water efficiency

Efficient Water Use Inside the Home


Ever wonder where most water is used inside the home? Look no farther than the bathroom, which consumes nearly half the water in the average home. Toilets use the most, with showers and tubs taking their share. Additionally, clothes washing machines account for about one-quarter of the water used.

The greatest water-saving gains come from efficiency in these three areas. One residence has conventional appliances, toilets and shower fixtures. The second home with water-wise appliances uses half the water of the traditional one.

Toilets

A leaky toilet can consume as much as 200 gallons of water a day, costing hundreds of dollars a year. Even water efficient toilets that are operating properly account for the highest water use in the home.

EPA Water SenseWhen remodeling, look for a High Efficiency Toilet (HET) with the EPA WaterSense label for a water-efficient and high-performing flush. The EPA WaterSense label means the product has been certified by third-party, independent laboratory testing. For a list of HET models with the EPA WaterSense label visit the EPA WaterSense website. For information on how well these products perform, please visit map-testing.com.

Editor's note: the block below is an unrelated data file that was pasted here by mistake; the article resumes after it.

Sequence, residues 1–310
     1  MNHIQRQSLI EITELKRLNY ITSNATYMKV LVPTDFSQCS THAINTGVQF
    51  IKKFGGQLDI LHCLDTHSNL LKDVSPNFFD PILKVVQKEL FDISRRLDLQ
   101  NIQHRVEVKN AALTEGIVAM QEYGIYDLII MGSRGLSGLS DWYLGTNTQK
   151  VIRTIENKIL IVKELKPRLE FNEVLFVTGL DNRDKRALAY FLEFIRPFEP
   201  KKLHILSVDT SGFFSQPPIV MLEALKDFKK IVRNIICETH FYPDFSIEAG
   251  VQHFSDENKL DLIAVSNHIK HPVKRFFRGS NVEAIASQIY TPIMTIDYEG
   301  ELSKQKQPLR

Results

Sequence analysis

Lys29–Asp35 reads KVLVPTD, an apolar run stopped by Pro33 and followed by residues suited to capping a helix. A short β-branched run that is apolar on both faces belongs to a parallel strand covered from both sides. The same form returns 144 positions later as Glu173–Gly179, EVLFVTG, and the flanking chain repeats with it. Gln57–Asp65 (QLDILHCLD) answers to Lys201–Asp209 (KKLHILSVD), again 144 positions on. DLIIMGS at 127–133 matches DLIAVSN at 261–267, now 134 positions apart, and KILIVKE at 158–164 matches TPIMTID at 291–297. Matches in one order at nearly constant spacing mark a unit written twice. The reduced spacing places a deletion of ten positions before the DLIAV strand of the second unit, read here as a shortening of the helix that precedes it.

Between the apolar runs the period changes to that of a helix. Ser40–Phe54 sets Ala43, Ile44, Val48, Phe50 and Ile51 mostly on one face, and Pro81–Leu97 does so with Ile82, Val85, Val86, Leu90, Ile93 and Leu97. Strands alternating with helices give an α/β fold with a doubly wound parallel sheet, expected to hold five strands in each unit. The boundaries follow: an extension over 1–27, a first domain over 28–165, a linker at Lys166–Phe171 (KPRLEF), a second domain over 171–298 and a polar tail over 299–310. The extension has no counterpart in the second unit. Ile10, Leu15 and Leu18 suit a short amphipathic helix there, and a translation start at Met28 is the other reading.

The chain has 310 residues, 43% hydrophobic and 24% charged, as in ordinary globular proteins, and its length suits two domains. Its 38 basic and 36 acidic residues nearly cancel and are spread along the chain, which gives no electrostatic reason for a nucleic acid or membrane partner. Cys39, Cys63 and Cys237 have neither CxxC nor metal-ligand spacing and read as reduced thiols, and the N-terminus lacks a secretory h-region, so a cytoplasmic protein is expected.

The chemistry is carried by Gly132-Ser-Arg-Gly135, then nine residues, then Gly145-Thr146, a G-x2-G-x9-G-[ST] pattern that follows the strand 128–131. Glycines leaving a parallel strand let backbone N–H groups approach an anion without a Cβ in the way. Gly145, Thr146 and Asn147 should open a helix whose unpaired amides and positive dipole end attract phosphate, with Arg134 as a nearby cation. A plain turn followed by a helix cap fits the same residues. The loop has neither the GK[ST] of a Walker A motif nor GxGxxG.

If replacing the toilet is not an option, make sure the toilet flapper–the rubber mechanism in the tank–works properly. Test the flapper by putting a teaspoon of food coloring or a dye tablet in the tank and let it sit for 15 minutes without flushing. If the coloring seeps into the bowl, the flapper does not fit correctly.

Washers

Clothes washing machines are the second highest water users in a home, after toilets. Replacing an old washer with a new energy-and water-efficient model will cut the amount of laundry water nearly in half.

Energy Star Water EfficiencyWhen shopping for a new washing machine, look for a Water Factor of 6, which refers to the gallons of water used per cubic foot of clothes, or buy one with the Energy Star Label. Energy Star is a joint program of the U.S. Environmental Protection Agency and the U.S. Department of Energy that helps consumers save money and protects the environment through energy- efficient products and practices.

Energy Star applies to dishwashers also. Energy-efficient dishwashers use 1/3 less water than dishwashers made before 1994. Check out Energy Star’s tool for finding dishwashers and other products.


EPA Water Sense